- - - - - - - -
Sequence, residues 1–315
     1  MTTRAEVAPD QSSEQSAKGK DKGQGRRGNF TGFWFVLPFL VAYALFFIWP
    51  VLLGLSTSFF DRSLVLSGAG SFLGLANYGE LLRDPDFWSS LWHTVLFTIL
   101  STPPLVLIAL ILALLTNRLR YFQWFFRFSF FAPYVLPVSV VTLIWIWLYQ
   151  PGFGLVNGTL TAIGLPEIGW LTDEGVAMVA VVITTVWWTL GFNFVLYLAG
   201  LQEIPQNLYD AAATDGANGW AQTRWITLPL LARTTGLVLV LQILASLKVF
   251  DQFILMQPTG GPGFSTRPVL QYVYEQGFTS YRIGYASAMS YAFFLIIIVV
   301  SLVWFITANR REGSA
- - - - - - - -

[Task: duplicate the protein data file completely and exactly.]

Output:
Sequence, residues 1–315
     1  MTTRAEVAPD QSSEQSAKGK DKGQGRRGNF TGFWFVLPFL VAYALFFIWP
    51  VLLGLSTSFF DRSLVLSGAG SFLGLANYGE LLRDPDFWSS LWHTVLFTIL
   101  STPPLVLIAL ILALLTNRLR YFQWFFRFSF FAPYVLPVSV VTLIWIWLYQ
   151  PGFGLVNGTL TAIGLPEIGW LTDEGVAMVA VVITTVWWTL GFNFVLYLAG
   201  LQEIPQNLYD AAATDGANGW AQTRWITLPL LARTTGLVLV LQILASLKVF
   251  DQFILMQPTG GPGFSTRPVL QYVYEQGFTS YRIGYASAMS YAFFLIIIVV
   301  SLVWFITANR REGSA